Throughout the house, the walls were adorned with art, and Regina noted that the most wonderful pieces all had the same signature at the bottom right corner: Lindsey Sparling. Even as much of a screwup as she was, she was smart enough to figure that the name Lindsey was no coincidence and that Sparling must be Mrs. Harrison's maiden name. They were the strangest and most beautiful paintings Regina had ever seen, some of them so bright and full of good feeling that you had to smile, some of them dark and brooding. She wanted to spend a long time in front of each of them, sort of soaking them up, but she was afraid Mr. and Mrs. Harrison would think she was a brownnosing phony, pretending interest as a way of apologizing for the wisecracks she had made in Mr. Gujilio's office about paintings on velvet.

Somehow she got through the entire house without destroying anything, and the last room was hers. It was bigger than any room at the orphanage, and she didn't have to share it with anyone. The windows were covered with white plantation shutters. Furnishings included a corner desk and chair, a bookcase, an armchair with footstool, nightstands with matching lamps—and an amazing bed.

“It's from about 1850,” Mrs. Harrison said, as Regina let her hand glide slowly over the beautiful bed.

“English,” Mr. Harrison said. “Mahogany with hand-painted decoration under several coats of lacquer.”

On the footboard, side rails, and headboard, the dark-red and dark-yellow roses and emerald-green leaves seemed alive, not bright against the deeply colored wood but so lustrous and dewy-looking that she was sure she would be able to smell them if she put her nose to their petals.

Mrs. Harrison said, “It might seem a little old for a young girl, a little stuffy—”

“Yes, of course,” Mr. Harrison said, “we can send it over to the store, sell it, let you choose something you'd like, something modern. This was just furnished as a guest room.”

“No,” Regina said hastily. “I like it, I really do. Could I keep it, I mean even though it's so expensive?”

“It's not that expensive,” Mr. Harrison said, “and of course you can keep anything you want.”

“Or get rid of anything you want,” Mrs. Harrison said.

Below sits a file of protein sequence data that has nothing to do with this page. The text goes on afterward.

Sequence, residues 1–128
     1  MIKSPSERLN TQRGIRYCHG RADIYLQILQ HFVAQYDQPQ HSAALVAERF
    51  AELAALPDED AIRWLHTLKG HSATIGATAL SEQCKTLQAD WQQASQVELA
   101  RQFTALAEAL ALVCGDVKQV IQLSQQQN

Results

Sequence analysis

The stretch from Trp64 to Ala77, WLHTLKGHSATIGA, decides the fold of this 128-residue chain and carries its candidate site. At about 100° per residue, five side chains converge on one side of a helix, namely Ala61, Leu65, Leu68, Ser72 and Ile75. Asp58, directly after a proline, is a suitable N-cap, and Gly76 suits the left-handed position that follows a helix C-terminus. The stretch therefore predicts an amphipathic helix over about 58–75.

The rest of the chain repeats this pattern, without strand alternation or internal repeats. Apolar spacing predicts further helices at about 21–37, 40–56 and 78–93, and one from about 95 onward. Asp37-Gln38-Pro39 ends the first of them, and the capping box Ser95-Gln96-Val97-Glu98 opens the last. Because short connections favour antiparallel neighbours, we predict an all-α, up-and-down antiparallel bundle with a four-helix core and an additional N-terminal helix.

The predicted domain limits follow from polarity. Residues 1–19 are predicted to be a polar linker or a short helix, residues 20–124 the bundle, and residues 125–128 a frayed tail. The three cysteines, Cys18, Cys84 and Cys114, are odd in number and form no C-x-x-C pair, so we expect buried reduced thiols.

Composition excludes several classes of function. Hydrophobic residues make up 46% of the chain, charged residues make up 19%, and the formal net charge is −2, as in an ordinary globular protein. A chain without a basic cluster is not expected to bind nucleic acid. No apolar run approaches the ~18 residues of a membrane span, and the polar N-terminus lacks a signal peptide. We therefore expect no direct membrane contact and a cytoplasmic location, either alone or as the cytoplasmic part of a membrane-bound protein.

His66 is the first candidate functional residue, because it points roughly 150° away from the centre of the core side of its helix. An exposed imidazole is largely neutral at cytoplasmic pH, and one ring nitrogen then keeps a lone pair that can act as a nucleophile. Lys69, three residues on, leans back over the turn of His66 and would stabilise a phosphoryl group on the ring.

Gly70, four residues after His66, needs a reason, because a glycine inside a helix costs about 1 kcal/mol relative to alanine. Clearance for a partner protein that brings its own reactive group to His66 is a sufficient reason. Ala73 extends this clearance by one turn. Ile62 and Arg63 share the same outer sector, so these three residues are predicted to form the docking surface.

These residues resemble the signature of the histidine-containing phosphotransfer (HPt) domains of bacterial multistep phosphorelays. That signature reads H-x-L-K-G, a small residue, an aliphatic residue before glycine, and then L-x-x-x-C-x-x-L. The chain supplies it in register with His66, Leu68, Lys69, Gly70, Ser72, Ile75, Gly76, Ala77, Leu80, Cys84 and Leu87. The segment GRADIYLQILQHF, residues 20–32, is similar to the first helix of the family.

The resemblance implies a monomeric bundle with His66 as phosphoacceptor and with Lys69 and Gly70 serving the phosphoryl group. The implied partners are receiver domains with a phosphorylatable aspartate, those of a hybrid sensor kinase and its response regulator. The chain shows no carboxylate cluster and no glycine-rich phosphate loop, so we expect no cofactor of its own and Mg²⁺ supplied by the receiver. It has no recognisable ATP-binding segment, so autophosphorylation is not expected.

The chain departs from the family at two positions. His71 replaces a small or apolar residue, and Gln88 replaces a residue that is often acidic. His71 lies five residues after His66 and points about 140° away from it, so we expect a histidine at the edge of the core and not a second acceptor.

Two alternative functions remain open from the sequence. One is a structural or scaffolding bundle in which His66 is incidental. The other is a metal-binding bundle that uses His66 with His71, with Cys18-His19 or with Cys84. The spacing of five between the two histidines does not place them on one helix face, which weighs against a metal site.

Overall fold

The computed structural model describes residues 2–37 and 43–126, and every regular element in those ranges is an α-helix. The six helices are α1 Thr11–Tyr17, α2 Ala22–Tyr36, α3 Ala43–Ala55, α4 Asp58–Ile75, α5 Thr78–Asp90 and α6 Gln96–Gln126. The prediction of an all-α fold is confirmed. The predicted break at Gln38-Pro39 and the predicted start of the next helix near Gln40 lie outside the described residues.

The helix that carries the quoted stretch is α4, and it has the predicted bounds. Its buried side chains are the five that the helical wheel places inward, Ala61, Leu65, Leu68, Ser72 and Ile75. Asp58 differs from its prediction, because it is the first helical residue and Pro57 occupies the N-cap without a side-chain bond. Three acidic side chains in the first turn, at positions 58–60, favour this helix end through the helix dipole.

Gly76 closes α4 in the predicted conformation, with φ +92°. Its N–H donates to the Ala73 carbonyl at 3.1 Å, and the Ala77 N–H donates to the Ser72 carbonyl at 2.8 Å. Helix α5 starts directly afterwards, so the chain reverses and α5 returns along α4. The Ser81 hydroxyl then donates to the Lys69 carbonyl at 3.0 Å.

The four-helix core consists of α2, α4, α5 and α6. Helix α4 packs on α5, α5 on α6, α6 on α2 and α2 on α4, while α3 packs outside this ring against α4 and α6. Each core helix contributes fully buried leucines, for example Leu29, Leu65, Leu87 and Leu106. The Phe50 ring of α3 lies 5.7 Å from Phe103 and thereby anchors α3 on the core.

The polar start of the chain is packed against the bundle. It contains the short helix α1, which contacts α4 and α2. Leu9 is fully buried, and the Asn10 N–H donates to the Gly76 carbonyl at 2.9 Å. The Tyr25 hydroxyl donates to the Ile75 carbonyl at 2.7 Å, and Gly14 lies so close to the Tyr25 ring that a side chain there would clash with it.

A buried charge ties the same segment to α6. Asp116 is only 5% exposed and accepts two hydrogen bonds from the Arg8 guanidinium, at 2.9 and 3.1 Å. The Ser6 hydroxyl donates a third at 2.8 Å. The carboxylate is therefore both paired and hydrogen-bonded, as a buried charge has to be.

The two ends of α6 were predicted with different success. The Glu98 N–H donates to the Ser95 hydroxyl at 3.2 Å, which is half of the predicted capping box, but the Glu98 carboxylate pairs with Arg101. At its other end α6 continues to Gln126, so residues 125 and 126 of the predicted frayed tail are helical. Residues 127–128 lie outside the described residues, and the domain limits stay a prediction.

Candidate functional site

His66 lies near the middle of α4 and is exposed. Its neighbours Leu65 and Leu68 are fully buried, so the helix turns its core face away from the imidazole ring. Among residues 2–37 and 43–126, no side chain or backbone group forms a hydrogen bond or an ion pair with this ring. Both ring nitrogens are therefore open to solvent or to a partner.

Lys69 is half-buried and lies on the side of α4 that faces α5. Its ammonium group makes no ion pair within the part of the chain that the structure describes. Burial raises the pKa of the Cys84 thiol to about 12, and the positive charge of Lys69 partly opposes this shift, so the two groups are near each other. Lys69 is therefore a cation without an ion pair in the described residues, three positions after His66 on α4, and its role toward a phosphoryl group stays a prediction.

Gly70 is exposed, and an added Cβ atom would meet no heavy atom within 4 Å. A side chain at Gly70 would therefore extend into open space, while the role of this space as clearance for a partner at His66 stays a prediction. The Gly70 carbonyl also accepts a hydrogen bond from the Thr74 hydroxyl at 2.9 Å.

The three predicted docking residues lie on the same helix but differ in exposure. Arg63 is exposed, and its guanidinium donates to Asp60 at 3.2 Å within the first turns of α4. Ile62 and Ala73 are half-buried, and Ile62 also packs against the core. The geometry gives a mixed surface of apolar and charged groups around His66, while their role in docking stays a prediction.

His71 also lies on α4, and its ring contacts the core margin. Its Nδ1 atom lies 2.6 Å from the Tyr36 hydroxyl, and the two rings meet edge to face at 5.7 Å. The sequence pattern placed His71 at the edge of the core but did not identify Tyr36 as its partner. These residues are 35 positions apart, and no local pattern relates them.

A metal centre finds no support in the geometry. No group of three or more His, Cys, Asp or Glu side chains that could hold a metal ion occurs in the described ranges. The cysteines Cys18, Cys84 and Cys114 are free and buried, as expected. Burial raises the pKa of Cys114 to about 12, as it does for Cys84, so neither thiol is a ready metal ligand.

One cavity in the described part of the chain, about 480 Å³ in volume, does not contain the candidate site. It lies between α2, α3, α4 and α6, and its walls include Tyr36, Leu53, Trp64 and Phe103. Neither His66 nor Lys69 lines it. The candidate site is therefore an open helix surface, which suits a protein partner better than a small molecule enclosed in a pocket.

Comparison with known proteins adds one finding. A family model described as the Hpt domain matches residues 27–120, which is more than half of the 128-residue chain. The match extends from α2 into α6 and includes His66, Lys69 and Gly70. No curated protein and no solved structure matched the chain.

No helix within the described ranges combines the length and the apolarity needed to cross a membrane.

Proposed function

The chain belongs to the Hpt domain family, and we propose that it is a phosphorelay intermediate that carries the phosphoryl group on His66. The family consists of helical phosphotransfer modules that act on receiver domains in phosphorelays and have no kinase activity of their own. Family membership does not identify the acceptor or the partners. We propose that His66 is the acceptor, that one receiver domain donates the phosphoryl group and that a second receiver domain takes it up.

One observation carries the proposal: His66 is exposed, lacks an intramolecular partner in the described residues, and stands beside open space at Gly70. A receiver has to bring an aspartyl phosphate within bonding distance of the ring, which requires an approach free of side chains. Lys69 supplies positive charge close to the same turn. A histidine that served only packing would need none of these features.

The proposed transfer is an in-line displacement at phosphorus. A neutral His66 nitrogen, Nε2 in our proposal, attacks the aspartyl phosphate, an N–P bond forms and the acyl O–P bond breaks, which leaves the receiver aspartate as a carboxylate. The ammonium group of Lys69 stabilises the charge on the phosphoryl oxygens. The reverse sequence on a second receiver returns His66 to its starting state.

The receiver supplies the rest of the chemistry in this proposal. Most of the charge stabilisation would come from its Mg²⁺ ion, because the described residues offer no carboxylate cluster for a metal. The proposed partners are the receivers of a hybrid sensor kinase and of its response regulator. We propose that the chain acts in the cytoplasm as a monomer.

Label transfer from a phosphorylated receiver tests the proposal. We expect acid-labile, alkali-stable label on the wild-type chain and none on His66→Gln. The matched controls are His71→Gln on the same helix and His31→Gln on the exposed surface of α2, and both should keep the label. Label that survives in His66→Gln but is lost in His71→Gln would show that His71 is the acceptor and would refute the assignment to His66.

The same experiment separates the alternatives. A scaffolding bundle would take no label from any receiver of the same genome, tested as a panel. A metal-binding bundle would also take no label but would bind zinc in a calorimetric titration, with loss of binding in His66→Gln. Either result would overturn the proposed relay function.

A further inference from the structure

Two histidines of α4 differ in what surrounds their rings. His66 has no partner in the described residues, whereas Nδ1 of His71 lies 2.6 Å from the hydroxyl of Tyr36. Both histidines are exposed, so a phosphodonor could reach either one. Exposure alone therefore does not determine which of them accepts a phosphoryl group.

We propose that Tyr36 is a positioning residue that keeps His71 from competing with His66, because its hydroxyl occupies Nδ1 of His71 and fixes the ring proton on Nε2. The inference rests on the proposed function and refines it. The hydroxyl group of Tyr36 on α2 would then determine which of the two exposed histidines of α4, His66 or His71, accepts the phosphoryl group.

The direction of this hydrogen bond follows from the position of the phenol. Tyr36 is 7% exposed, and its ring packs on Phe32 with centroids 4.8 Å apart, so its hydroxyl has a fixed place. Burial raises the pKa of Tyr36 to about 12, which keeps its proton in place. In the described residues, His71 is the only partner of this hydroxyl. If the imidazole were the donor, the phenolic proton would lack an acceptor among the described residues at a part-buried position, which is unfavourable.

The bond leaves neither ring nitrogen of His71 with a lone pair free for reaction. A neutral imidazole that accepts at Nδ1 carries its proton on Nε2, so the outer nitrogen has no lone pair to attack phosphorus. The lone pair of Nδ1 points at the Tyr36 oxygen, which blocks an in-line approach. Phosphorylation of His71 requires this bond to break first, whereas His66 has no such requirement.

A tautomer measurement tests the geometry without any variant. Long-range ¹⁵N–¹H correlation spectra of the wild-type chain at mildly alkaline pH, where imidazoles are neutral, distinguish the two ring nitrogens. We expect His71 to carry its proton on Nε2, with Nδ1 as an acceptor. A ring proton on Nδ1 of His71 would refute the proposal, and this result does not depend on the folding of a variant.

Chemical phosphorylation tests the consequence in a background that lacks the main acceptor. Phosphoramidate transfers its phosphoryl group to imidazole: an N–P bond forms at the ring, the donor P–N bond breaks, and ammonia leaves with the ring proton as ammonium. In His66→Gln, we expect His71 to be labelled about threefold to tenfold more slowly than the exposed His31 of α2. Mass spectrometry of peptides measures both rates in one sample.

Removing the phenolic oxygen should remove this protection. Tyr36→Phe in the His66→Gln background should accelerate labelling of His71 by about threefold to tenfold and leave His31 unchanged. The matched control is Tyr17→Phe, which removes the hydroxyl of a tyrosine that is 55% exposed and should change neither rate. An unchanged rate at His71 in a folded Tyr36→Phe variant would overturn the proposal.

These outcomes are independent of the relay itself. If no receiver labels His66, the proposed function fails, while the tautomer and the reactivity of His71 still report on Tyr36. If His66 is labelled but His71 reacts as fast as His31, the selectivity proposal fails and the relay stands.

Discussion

“Except us, of course,” Mr. Harrison said.

“That's right,” Mrs. Harrison said, “I'm afraid we come with the house.”

Regina's heart was pounding so hard she could barely get her breath. Happiness. And fear. Everything was so wonderful—but surely it couldn't last. Nothing so good could last very long.

Sliding, mirrored doors covered one wall of the bedroom, and Mrs. Harrison showed Regina a closet behind the mirrors. The hugest closet in the world. Maybe you needed a closet that size if you were a movie star, or if you were one of those men she had read about, who liked to dress up in women's clothes sometimes, 'cause then you'd need both a girl's and boy's wardrobe. But it was much bigger than she needed; it would hold ten times the clothes that she possessed.

With some embarrassment, she looked at the two cardboard suitcases she had brought with her from St. Thomas's. They held everything she owned in the world. For the first time in her life, she realized she was poor. Which was peculiar, really, not to have understood her poverty before, since she was an orphan who had inherited nothing. Well, nothing other than a bum leg and a twisted right hand with two fingers missing.

As if reading Regina's mind, Mrs. Harrison said, “Let's go shopping.”

They went to South Coast Plaza Mall. They bought her too many clothes, books, anything she wanted. Regina worried that they were overspending and would have to eat beans for a year to balance their budget—she didn't like beans—but they failed to pick up on her hints about the virtues of frugality. Finally she had to stop them by pretending that her weak leg was bothering her.

From the mall they went to dinner at an Italian restaurant. She had eaten out twice before, but only at a fast-food place, where the owner treated all the kids at the orphanage to burgers and fries. This was a real restaurant, and there was so much to absorb that she could hardly eat, keep up her end of the table conversation, and enjoy the place all at the same time. The chairs weren't made out of hard plastic, and neither were the knives and forks. The plates weren't either paper or Styrofoam, and drinks came in actual glasses, which must mean that the customers in real restaurants were not as clumsy as those in fast-food places and could be trusted with breakable things. The waitresses weren't teenagers, and they brought your food to you instead of handing it across a counter by the cash register. And they didn't make you pay for it until after you'd eaten it!

Later, back at the Harrison house, after Regina unpacked her things, brushed her teeth, put on pajamas, took off her leg brace, and got into bed, both the Harrisons came in to say goodnight. Mr. Harrison sat on the edge of her bed and told her that everything might seem strange at first, even unsettling, but that soon enough she would feel at home, then he kissed her on the forehead and said, “Sweet dreams, princess.” Mrs. Harrison was next, and she sat on the edge of the bed, too. She talked for a while about all the things they would do together in the days ahead. Then she kissed Regina on the cheek, said, “Goodnight, honey,” and turned off the overhead light as she went out the door into the hall.